Chirac Auschwitz tribute to 80,000 deported by France

27th January 2005, Comments 0 comments

AUSCHWITZ, Poland, Jan 27 (AFP) - French President Jacques Chirac said at the Auschwitz commemoration Thursday that his country's wartime deportation to Nazi death camps of 80,000 people, most of them Jewish, was a "more than painful" memory because France itself bore some of the responsibility for it.

AUSCHWITZ, Poland, Jan 27 (AFP) - French President Jacques Chirac said at the Auschwitz commemoration Thursday that his country's wartime deportation to Nazi death camps of 80,000 people, most of them Jewish, was a "more than painful" memory because France itself bore some of the responsibility for it.

Chirac became in 1995 the first president to acknowledge that the French nation shared guilt with Nazi Germany for the persecution of the Jews.

French officials and police were largely responsible for identifying and rounding up the deportees, including about 77,000 Jews.

"Your memory of the world that was, is for France more than painful," Chirac said in addressing all Jews caught up in the "criminal madness of the Nazis."

"It is (for France) a guilty conscience. It bears the weight of responsibility."

"Yes, we know and we will never forget," said Chirac, who has angrily attacked recent anti-Semitic attacks in France largely blamed on young Muslims expressing fury at the Israeli-Palestinian conflict. "We will never give up our idea of mankind and its dignity."

Chirac, who inaugurated an expanded Holocaust memorial in Paris earlier this week, which includes a wall of names of those deported, again urged French teachers to make school-children aware of the Holocaust "so that this memory is never erased."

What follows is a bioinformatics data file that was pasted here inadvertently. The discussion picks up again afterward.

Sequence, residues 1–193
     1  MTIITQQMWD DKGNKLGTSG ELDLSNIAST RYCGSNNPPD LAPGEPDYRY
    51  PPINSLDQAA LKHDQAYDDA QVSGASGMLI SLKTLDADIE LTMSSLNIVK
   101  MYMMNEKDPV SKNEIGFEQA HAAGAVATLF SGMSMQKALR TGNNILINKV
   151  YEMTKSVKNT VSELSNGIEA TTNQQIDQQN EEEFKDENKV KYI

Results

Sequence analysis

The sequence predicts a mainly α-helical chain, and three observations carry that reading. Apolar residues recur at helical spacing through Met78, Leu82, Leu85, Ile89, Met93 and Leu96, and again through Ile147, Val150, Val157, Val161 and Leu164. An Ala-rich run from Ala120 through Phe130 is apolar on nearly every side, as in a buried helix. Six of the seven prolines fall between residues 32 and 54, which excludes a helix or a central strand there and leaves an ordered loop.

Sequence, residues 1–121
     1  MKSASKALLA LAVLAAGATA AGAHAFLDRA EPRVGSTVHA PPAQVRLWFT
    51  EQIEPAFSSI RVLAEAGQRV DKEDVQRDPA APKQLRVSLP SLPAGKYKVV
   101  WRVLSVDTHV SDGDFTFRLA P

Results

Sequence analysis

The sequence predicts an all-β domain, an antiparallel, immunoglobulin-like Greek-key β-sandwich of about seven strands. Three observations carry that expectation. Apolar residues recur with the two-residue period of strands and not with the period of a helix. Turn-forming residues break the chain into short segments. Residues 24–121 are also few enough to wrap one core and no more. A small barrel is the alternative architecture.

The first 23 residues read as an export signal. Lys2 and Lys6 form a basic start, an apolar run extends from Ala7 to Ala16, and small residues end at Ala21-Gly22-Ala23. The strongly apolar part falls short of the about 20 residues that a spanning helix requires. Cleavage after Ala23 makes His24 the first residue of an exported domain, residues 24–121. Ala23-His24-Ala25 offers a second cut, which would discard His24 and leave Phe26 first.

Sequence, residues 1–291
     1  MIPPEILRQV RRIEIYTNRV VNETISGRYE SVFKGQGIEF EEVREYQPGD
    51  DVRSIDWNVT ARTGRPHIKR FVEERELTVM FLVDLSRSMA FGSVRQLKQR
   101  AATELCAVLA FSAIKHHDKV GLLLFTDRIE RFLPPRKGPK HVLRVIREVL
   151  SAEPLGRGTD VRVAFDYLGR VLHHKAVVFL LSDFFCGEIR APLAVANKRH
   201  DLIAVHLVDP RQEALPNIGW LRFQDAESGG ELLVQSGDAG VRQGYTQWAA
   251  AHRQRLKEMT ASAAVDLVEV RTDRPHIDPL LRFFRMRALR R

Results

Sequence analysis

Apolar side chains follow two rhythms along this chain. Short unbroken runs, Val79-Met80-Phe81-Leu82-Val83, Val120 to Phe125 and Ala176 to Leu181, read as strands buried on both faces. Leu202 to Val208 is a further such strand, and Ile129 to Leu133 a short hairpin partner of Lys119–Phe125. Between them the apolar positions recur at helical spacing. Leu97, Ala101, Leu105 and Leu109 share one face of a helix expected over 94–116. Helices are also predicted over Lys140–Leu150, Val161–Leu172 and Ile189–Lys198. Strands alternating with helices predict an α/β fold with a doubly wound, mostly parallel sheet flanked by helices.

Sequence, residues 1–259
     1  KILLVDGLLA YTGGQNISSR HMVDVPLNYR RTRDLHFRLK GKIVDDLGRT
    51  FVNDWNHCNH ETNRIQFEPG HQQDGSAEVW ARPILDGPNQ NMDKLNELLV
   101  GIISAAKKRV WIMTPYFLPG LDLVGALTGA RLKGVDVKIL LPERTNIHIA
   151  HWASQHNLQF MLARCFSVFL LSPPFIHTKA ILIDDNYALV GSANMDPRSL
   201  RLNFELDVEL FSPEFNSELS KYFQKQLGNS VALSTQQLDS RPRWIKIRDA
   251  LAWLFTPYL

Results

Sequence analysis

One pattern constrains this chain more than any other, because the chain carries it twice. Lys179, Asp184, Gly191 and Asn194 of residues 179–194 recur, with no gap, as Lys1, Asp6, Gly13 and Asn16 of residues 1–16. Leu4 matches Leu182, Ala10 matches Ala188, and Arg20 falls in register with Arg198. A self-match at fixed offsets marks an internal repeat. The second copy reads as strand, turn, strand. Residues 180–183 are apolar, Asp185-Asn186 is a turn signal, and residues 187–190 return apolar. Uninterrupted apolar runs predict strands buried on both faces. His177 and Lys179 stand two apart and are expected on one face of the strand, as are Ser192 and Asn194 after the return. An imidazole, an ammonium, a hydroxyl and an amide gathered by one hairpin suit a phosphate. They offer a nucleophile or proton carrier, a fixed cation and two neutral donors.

Most of the Jews deported from France, including many who had sought refuge in the country from Eastern Europe, were sent to a transit camp at Drancy, just outside Paris, from where they were loaded on trains and sent to Auschwitz-Birkenau. Only about 2,500 returned.

France's official role in persecuting the Jews was detailed during the 1998 trial and condemnation of Maurice Papon, a senior official responsible for the deportation of Jews from Bordeaux.

Papon, then 87, received a 10-year jail sentence but was released in 2002 on medical grounds.

Chirac visited the railway platform where the Jews arrived and were immediately sent either to the gas chambers or to labour battalions.

The platform and rails, with two wooden wagons, have been restored by the Association of Sons and Daughters of Jewish deportees in France.

The president also inaugurated an exhibition in the "French pavilion" - once the infamous camp hospital - in memory of the about 69,000 Jews and about 3,000 members of the anti-Nazi resistance deported from France to Auschwitz.

Chirac said he wanted to voice three aims - "the desire to witness and transmit, the desire to honour and the desire to act."

The exhibition "brings across the reality of the deportation" through the stories of individuals, and "honours the memory of all the deported who died tragically in this place of suffering and extermination," he added.

The exhibition illustrates the fate of French deportees through five personal stories, among them that of a couple that had fled from pogroms in Russia to France; and an Austrian-born boy brought to France after Nazi Germany annexed Austria, and who died at the age of eight in an Auschwitz gas chamber.

Chirac won praise from Israel and Jewish organisations after his election in 1995 when he acknowledged the country's guilt in cooperating with the German extermination programme - distancing himself from his predecessor, Francois Mitterrand, who sought to make a distinction between France's pro-Nazi Vichy regime and the French nation.

A member of the French delegation, the Polish-born writer Marek Halter, said he was "torn and confused" by his first visit to the camp, and on seeing the buffet lunch set out for the delegates asked, "Can one eat zakuskis (hors d'oeuvres) at Auschwitz?"

© AFP

                                         Subject: French news

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